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The ‘problem’ is lack of income to service the debt, not the debt per se. Take a look at the personal income chart, particularly the interest income component.
Restoring the ability to pay restores the quality of the debt.
With the deficit terrorists in charge it’s going to continue ugly for a considerable period of time for the population at large.
Meanwhile, businesses figure out how to scratch out a living with less top line growth and modestly improving earnings, and banks benefit from the net interest margins at the expense of ‘savers’ pretty much offsetting their ongoing loan losses.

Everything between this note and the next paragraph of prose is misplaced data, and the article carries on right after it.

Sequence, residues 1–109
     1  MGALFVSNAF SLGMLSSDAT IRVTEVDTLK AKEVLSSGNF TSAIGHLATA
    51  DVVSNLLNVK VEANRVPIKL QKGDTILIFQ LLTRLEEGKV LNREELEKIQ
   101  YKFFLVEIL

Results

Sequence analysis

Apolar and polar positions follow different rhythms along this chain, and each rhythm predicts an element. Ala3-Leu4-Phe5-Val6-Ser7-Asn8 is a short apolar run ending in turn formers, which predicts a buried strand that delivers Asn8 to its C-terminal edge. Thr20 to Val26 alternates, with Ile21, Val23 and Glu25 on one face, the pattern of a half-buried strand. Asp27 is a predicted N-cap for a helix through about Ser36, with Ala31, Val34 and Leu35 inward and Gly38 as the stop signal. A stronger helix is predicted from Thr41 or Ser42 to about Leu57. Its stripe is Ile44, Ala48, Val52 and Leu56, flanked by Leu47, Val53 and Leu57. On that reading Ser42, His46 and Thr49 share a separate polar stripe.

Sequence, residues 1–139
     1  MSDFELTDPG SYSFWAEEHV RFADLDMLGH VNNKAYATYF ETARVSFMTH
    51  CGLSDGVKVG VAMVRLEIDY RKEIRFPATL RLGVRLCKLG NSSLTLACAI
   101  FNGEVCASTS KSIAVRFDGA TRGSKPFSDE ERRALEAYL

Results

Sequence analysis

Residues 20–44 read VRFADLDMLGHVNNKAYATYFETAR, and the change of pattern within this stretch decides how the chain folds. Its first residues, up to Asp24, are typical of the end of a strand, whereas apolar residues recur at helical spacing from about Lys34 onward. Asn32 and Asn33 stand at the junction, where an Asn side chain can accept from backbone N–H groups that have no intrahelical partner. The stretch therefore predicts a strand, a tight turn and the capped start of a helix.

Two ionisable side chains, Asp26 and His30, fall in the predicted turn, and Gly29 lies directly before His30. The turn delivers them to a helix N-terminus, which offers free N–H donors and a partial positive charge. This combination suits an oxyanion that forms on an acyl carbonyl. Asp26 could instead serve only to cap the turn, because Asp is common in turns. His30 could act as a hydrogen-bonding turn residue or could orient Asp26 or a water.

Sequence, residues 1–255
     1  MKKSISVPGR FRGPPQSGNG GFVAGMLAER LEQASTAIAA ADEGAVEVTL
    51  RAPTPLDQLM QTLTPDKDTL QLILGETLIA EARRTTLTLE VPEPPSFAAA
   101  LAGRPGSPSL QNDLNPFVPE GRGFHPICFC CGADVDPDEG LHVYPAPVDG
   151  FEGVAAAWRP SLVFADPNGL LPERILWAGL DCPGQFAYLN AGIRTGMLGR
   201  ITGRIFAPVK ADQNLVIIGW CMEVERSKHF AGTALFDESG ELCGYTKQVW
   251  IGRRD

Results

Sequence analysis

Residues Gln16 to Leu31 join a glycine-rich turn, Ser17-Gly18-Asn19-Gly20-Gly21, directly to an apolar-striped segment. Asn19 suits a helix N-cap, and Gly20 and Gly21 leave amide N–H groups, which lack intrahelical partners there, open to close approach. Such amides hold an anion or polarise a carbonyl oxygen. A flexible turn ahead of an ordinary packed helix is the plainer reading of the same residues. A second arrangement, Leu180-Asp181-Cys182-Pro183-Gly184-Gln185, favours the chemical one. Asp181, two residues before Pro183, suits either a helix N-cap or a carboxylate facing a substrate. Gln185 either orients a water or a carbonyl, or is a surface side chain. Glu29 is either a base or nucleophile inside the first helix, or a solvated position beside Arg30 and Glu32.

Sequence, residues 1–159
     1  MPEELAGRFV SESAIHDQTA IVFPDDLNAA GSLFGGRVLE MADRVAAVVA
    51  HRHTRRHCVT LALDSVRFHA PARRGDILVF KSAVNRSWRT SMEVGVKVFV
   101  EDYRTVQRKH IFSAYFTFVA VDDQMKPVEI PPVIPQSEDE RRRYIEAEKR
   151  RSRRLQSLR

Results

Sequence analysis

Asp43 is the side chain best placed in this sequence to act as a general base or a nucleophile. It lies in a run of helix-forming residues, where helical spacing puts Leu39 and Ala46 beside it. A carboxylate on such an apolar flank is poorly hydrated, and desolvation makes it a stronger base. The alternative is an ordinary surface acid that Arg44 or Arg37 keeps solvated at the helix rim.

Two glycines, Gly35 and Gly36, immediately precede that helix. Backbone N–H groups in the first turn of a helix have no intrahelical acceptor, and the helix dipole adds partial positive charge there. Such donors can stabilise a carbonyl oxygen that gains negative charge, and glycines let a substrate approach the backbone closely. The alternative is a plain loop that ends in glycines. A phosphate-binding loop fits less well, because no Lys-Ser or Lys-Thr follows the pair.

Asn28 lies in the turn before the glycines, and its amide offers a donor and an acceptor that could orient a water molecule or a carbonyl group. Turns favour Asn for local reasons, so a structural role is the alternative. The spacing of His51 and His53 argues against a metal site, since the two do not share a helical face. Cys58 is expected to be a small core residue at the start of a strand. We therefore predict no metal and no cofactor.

So who’s been the big winner this year to date?
Stocks up 50%, financials up more with record earnings in some cases.
Corporate bonds up as corporate borrowing costs fall.
Consumer interest rates remain high.
Household savings earning near 0.
Unemployment near 10%.
GDP now around flat and forecast to modestly improve.
Real wealth is again flowing upward.
> (email exchange)
> Take a look at this next chart, which has gained some currency in
> the worried circles of financial people. It’s worth a bit of study.
> It shows you the other dancers on the floor.
> The first thing to jump out at you is that subprime is only about
> a $1.5 trillion market – not anywhere near the biggest of the risky
> loans. There are other layers here.